Longer car loan can handcuff buyer

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It seems that you can’t pick up a newspaper, go to a finance site like Bankrate.com or turn on a TV news show without hearing a lot of discussion about the subprime mortgage meltdown.

Now, the auto loan industry is reacting to spillover from that crisis in ways that might surprise you. Rather than cutting back on loan terms, lenders are lengthening their car loans as a way of avoiding defaults.

Toyota Financial Services is the latest lender to lengthen its car loan terms. Toyota announced this month that qualified buyers can get loans of up to 84 months — seven years of car payments.

Toyota says it extended the length of some loans to compete with online lenders and credit unions already offering 84-month loans. On some luxury or exotic cars, the company has gone so far as to offer 96-month loans.

From an industry standpoint, these longer loans put manufacturers in a Catch-22. As car prices rise and buyers want vehicles with luxury appointments, the only way to make the deal attractive is to offer lower monthly payments. This is especially true in today’s marketplace, where new vehicles sales are spiraling downward.

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But lenders also know that the default rate on these longer loans is higher than on loans of 60 months or less.

Even if you restrict these longer-term loans to people with credit scores of 700 and above, a lot can happen over seven years. Buyers can lose their jobs, get sick, get divorced or experience another life event that prevents them from making the loan payment.

According to the Power Information Network, nearly two-fifths of all new car loans are for terms ranging from 72 months to nearly 78 months. This year, new car loans made by the finance arms of Ford, GM and Chrysler have an average monthly payment of more than $500.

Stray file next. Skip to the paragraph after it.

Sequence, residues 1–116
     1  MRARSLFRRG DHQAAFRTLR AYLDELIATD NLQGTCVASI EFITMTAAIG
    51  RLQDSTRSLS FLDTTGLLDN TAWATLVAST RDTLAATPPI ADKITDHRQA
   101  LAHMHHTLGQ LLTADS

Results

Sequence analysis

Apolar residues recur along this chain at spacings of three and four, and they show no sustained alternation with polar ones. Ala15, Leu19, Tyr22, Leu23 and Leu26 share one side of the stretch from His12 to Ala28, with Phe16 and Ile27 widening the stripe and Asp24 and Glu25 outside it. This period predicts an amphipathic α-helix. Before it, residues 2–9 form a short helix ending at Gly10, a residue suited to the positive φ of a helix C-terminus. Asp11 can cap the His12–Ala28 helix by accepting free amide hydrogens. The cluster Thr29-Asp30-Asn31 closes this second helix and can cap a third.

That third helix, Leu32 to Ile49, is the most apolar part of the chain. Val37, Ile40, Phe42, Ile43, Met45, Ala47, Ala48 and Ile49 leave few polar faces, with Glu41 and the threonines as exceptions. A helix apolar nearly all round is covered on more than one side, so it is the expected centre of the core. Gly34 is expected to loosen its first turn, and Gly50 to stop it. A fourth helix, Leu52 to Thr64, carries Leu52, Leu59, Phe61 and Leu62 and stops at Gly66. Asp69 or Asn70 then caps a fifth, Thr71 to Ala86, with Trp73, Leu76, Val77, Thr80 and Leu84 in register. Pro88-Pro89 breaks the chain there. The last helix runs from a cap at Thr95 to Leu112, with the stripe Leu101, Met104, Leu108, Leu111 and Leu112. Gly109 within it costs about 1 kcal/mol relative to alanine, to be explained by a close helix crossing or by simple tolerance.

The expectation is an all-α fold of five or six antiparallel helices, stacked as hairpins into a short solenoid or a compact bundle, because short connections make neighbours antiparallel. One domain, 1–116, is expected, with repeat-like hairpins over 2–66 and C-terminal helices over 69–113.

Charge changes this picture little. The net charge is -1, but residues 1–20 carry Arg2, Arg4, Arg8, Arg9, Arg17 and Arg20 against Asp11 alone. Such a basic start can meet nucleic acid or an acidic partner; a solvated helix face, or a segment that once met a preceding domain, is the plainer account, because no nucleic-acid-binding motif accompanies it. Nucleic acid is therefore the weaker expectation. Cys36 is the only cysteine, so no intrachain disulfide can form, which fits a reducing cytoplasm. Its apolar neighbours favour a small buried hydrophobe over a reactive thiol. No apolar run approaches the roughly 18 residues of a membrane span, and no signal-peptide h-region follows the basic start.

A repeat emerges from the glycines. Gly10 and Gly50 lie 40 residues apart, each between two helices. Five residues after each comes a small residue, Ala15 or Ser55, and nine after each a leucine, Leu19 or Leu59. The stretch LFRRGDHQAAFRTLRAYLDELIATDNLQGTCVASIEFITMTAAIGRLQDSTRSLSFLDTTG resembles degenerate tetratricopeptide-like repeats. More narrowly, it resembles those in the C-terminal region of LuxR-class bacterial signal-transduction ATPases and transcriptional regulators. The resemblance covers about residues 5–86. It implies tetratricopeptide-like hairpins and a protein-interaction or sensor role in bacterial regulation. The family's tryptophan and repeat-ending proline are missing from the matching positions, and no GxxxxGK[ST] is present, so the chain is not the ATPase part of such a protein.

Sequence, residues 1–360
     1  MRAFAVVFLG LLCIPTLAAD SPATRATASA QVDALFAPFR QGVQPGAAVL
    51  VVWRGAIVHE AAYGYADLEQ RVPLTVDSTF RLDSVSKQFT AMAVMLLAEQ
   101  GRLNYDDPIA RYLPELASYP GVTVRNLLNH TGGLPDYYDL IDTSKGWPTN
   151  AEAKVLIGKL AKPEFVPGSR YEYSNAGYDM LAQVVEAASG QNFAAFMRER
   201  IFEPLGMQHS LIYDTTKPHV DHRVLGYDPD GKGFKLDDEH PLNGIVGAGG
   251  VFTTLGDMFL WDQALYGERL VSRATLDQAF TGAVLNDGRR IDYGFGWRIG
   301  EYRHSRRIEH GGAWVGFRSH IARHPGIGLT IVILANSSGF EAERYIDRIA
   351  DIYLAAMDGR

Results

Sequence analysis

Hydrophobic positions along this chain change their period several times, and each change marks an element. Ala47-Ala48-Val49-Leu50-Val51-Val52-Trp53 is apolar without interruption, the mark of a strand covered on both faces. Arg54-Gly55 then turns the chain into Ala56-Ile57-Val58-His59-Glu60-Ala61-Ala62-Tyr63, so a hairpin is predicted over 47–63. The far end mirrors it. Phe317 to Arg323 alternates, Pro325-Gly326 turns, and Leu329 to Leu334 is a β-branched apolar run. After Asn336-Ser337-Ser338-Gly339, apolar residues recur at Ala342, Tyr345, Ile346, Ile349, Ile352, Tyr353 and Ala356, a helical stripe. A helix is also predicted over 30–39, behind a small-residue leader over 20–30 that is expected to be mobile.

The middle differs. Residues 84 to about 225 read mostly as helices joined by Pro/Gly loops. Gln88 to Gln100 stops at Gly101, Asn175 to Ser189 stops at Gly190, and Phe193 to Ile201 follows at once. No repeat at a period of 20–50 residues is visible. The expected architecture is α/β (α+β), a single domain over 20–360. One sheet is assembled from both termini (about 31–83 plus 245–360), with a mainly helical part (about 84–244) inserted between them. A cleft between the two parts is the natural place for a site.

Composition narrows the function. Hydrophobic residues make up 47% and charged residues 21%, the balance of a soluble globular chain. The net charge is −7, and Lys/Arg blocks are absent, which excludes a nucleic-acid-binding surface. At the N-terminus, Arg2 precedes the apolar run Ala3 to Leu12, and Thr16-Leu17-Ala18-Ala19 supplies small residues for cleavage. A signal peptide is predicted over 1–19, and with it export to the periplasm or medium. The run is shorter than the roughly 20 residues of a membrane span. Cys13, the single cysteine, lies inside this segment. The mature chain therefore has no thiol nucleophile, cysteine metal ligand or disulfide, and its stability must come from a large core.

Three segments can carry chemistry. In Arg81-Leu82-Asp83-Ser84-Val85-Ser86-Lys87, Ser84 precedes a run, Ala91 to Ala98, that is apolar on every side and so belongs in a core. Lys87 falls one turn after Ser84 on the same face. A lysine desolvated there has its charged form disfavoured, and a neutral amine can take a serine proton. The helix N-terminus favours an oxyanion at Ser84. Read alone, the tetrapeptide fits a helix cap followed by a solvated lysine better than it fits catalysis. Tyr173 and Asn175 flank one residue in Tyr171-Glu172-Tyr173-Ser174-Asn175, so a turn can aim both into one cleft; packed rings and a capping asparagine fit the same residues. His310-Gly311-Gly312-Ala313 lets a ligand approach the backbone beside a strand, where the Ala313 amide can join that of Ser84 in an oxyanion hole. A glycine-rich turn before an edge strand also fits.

While all of these statistics should cause sleepless nights for some bankers and financiers, buyers should also be very cautious of these same trends.

Many buyers tend to look only at how low the monthly payment will be and how little they will have to put down. In addition, dealers often offer to roll over anything you owe on your current car into the new car loan, a come-on that is one more ingredient in a recipe for potential disaster.

Longer loans and lower down payments equate to a longer period in which you’re upside down on the loan — meaning you owe more than the vehicle is worth.

With an 84-month — or even a 72-month — loan and a minimal or nonexistent down payment, a buyer will likely still owe more than the car is worth four years into the loan.

That four-year mark is critical because many shoppers begin to get the new-car itch about four to five years after purchase. However, longer loans make it inadvisable to buy a new car at that time.

Also, these longer loans go beyond the warranty period of many new cars, meaning buyers could be facing car payments and possible hefty repair bills at the same time.

Buyers of sports cars and exotics may argue that their vehicles hold their values so well that even after seven or eight years, they still will have considerable equity. However, this overlooks how the interest on these longer-term loans jacks up the transaction cost considerably.

My advice? If you have to extend your car loan beyond five years and can’t afford to put at least 20 percent down, scale back your car desires to something you can afford.

If you do this just once on a new car purchase, you likely will be in much better shape for all of your future car purchases.

Here are this week’s reader questions:
Longer car loan can handcuff buyer
Am I responsible for my late father’s car lease?
Can I voluntarily surrender my car on my own?
What color car should I buy?

If you have a question for Terry, e-mail him at
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